7 Ways to Tackle a Bummer Day

Updated on June 13, 2017
Allie Brito profile image

I'm a grad student at Michigan State University, studying rehabilitation counseling. My goal is to help care for our aging population.


Everybody hurts

From a case of the Mondays to something more serious like a death in the family, bummer days happen and they’re a part of life. But when nothing is going right in the first place, a bad day can take you from zero to full-on stressed and raging in a matter of seconds! I look at moments like this as an "emotional downward spiral" that can lead us to think of every single challenging thing that is currently happening in our lives, might happen in the future, or has already happened—leaving us feeling hopeless and helpless.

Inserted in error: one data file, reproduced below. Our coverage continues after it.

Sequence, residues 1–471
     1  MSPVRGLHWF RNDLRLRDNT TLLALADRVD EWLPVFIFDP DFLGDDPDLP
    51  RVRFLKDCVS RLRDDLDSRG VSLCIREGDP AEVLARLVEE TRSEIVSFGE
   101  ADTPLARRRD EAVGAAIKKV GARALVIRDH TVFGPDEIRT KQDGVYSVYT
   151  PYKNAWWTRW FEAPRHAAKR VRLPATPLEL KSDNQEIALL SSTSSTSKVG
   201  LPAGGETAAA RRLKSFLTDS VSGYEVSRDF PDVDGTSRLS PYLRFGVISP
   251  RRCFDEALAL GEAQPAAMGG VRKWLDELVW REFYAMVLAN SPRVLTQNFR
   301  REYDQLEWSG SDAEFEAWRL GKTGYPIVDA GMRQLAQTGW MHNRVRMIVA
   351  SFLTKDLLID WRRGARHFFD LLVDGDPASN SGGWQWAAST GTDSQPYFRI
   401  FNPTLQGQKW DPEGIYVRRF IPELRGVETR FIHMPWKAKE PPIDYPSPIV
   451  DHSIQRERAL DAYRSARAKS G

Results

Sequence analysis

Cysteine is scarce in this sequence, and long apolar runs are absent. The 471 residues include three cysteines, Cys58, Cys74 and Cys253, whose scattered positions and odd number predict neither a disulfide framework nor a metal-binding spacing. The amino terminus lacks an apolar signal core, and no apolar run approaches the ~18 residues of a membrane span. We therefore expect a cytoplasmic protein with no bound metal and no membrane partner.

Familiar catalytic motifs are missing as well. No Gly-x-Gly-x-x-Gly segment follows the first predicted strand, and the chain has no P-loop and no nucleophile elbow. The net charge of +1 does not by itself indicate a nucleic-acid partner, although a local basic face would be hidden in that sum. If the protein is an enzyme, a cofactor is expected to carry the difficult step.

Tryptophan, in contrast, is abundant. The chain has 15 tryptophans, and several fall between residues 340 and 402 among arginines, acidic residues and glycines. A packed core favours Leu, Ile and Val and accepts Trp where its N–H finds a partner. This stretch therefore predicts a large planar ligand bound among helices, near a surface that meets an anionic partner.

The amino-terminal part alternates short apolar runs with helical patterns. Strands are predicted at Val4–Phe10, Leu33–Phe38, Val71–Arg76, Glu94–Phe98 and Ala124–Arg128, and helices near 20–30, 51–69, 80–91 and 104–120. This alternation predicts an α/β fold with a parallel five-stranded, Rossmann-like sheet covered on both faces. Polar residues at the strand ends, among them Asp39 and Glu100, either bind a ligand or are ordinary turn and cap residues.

So, how do you cope when you’re faced with all of life's problems, big and small, in the same day? When you’re at the end of your rope and don’t know how to handle it? Here are seven ways to turn your day around when you feel like the whole world is against you.

1. Disconnect from the problems, connect with the present moment.

Take a physical (if you can) or mental break- come up for air! If you’re in a situation where you can’t walk away, try to practice mindfulness to get through what you need to. Concentrate on your breathing or on the task at hand rather than the emotions surrounding it. For example, if you feel overwhelmed because you have a million and one tasks on your to-do list, complete the next task on the list, say folding laundry, without thinking about anything else. Focus your mind on folding the towels, sorting your clothes, appreciating that you are able to afford clothes, feeling thankful that you are doing something that will help you feel more organized and stress free!